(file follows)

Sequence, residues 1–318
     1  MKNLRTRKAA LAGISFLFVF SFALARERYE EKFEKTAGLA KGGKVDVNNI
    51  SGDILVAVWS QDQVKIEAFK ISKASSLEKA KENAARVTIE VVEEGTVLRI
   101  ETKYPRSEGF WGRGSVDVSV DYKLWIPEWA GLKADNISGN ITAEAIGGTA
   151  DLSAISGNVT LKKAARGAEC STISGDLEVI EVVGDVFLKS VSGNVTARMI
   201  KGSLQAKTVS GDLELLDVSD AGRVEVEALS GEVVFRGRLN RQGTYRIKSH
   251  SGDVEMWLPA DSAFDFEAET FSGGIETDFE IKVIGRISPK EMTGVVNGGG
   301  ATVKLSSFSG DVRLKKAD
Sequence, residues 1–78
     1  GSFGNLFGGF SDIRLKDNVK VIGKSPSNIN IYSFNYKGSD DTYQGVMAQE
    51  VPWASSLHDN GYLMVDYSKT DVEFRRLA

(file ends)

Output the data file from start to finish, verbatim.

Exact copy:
Sequence, residues 1–318
     1  MKNLRTRKAA LAGISFLFVF SFALARERYE EKFEKTAGLA KGGKVDVNNI
    51  SGDILVAVWS QDQVKIEAFK ISKASSLEKA KENAARVTIE VVEEGTVLRI
   101  ETKYPRSEGF WGRGSVDVSV DYKLWIPEWA GLKADNISGN ITAEAIGGTA
   151  DLSAISGNVT LKKAARGAEC STISGDLEVI EVVGDVFLKS VSGNVTARMI
   201  KGSLQAKTVS GDLELLDVSD AGRVEVEALS GEVVFRGRLN RQGTYRIKSH
   251  SGDVEMWLPA DSAFDFEAET FSGGIETDFE IKVIGRISPK EMTGVVNGGG
   301  ATVKLSSFSG DVRLKKAD
Sequence, residues 1–78
     1  GSFGNLFGGF SDIRLKDNVK VIGKSPSNIN IYSFNYKGSD DTYQGVMAQE
    51  VPWASSLHDN GYLMVDYSKT DVEFRRLA